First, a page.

Less than a week into the 2020 Census, the Census Bureau has hit the brakes on in-person fieldwork over the coronavirus. Census Bureau Director Steven Dillingham says that the bureau will suspend 2020 census field operations until April 1. Under the bureau’s normal timeline, enumerators across the country would conduct an in-person count of people experiencing homelessness at the end of March. More than 11 million households so far have responded to the census. The bureau plans to update self-response rates every day through June. (Federal News Network)
More military activites is postponed due to coronavirus. The Air Force is pushing back a critical test for its advanced battle management system. The program will connect 28 different systems to give troops real-time awareness of the battlefield. It works much like the internet of things. It was supposed to be conducted in April, it’s now delayed until June. The test was supposed to show off capabilities to the Joint Chiefs of Staff in April. The Air Force is now delaying the test until June. The last trial of the system was in December 2019. (Federal News Network)
The military’s commissary system is cracking down on unauthorized shoppers. Each of the grocery stores will now be checking for military ID cards at their entrances. It’s one of several steps the Defense Commissary Agency is taking to keep shelves stocked. Stores have already started putting purchase limits on some high-demand items. Starting today, commissaries will also move to later opening hours to give staff more time to stock shelves and sanitize the facilities.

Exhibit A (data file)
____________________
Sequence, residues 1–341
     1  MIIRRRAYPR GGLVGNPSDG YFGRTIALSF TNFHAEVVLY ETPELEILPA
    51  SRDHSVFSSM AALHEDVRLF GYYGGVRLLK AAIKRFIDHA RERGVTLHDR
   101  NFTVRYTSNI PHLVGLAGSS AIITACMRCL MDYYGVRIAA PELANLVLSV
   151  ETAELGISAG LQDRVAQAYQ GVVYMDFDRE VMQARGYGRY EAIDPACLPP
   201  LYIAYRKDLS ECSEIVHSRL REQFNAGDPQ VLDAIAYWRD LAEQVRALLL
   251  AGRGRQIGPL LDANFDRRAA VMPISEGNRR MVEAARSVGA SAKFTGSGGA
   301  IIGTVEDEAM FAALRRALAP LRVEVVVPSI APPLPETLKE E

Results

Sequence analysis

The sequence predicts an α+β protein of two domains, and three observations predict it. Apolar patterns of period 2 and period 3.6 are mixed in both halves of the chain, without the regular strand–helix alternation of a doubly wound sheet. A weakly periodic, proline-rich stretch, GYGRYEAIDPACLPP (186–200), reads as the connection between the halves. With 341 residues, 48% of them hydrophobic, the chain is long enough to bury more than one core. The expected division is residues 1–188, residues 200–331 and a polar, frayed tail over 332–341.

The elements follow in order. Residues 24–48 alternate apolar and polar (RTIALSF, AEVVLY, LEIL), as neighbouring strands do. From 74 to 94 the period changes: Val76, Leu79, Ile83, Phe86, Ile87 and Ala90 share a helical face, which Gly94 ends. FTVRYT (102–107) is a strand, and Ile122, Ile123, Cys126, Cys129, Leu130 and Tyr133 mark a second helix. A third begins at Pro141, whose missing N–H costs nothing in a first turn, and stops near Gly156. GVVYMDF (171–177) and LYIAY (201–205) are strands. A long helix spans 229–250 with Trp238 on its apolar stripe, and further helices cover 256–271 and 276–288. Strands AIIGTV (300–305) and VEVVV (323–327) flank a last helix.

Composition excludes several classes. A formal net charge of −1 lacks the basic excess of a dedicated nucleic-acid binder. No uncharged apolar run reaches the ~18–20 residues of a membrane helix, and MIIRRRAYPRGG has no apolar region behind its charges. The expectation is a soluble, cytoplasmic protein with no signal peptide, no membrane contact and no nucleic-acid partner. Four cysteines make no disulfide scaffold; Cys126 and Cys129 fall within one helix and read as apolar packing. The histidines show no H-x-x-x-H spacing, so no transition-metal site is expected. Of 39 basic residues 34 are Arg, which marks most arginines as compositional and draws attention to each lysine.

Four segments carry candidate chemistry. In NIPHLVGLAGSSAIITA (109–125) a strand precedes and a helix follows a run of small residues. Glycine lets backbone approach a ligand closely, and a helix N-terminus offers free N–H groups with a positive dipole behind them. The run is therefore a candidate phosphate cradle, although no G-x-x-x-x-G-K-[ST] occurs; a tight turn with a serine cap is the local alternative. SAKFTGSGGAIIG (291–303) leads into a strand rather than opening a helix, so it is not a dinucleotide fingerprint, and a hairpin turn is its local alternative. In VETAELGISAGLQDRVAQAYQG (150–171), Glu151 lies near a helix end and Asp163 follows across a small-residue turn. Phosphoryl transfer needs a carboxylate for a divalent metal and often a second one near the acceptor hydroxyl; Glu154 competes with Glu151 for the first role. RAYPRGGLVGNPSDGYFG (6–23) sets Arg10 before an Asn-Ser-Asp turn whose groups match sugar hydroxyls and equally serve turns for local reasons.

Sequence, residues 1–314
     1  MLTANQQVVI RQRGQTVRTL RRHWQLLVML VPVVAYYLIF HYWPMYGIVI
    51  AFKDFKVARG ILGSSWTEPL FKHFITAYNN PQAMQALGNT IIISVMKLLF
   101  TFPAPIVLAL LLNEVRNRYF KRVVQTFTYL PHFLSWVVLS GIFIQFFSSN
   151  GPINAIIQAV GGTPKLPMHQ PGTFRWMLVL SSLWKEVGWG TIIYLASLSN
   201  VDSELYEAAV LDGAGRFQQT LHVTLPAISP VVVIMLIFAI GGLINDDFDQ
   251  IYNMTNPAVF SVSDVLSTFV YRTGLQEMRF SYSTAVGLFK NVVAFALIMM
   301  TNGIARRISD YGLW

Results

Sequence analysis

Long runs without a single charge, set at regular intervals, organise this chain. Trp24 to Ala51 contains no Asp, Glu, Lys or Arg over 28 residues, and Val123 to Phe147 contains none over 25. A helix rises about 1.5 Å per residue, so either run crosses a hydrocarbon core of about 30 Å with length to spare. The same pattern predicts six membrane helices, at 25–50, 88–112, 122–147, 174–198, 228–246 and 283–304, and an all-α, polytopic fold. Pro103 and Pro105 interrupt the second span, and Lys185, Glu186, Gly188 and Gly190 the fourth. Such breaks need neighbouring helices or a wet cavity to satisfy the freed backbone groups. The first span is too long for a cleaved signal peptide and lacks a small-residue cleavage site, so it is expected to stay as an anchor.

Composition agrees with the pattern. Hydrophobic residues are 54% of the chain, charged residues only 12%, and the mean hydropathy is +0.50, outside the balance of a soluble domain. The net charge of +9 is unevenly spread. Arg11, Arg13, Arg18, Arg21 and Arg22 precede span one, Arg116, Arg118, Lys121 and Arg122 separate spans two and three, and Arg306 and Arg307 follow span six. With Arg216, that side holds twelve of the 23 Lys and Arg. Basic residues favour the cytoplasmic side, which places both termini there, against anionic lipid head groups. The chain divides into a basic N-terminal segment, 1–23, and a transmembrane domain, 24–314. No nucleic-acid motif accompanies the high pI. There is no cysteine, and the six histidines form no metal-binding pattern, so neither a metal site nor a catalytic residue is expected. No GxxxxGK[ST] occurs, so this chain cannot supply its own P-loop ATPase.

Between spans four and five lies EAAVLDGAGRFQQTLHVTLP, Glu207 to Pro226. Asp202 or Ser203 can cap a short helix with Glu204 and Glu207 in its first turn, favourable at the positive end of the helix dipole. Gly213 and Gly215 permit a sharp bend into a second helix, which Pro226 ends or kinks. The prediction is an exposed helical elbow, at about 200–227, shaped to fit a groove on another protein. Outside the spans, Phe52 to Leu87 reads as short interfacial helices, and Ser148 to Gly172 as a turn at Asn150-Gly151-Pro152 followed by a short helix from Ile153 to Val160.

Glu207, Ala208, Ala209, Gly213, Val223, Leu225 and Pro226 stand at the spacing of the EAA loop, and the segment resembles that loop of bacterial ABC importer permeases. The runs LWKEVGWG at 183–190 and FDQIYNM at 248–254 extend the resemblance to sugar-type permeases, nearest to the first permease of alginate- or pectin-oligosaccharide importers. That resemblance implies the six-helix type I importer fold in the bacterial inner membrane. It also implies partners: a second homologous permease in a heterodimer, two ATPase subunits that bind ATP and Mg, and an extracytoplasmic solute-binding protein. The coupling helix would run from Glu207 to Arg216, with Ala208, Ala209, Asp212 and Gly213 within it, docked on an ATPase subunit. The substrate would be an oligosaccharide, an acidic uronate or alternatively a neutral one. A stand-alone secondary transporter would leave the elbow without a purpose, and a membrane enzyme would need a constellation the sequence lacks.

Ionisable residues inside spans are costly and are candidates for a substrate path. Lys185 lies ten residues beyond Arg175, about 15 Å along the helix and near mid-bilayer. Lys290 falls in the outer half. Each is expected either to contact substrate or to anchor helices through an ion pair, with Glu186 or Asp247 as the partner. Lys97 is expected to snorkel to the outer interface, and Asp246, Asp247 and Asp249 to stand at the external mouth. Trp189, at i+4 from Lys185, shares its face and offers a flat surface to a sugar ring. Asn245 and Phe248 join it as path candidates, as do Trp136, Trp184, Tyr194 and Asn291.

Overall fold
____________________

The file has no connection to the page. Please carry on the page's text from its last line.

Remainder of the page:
The Army is adjusting its rotations to Combat Training Centers. The centers are venues for combined-arms collective training, based in the U.S. and Europe. This adjustment will specifically affect the eighty first Stryker Brigade Combat Team. They’re now available to the governor of Washington to respond to any issues involving the coronavirus. The Army says it will reevaluate the training as the conditions change.
The Defense Department’s cyber red teams are highly-skilled at finding security problems on DoD’s networks. But the military services and agencies don’t have a great track record of fixing the vulnerabilities they find. That’s according to a new, highly-redacted report from the Pentagon’s inspector general. The IG says DoD needs to put a single organization in charge of making sure the red teams’ findings are dealt with.
Should artificial intelligence products be eligible for patents? The U.S. Patent and Trademark Office finds no shortage of opinions. USPTO launches a web page devoted to that very question. It includes comments received from individuals and organizations, nearly two hundred of them. Companies making everything from network equipment to cars have commented. As have the patent offices of Japan and Korea, and IP attorneys from several countries. Director Andrei Iancu has tagged the intellectual property rights connected to AI as top priority.
Russ Vought has been the acting director of the Office of Management and Budget for just over a year and may soon lose the acting title. President Trump intends to nominate Vought to be the permanent leader at OMB. He would replace Mick Mulvaney, who served in that role until becoming the acting White House chief of staff in December 2018. Before becoming the acting OMB director, Vought was the deputy director of budget at OMB. He also worked on Capitol Hill and in public policy for 20 years. (White House)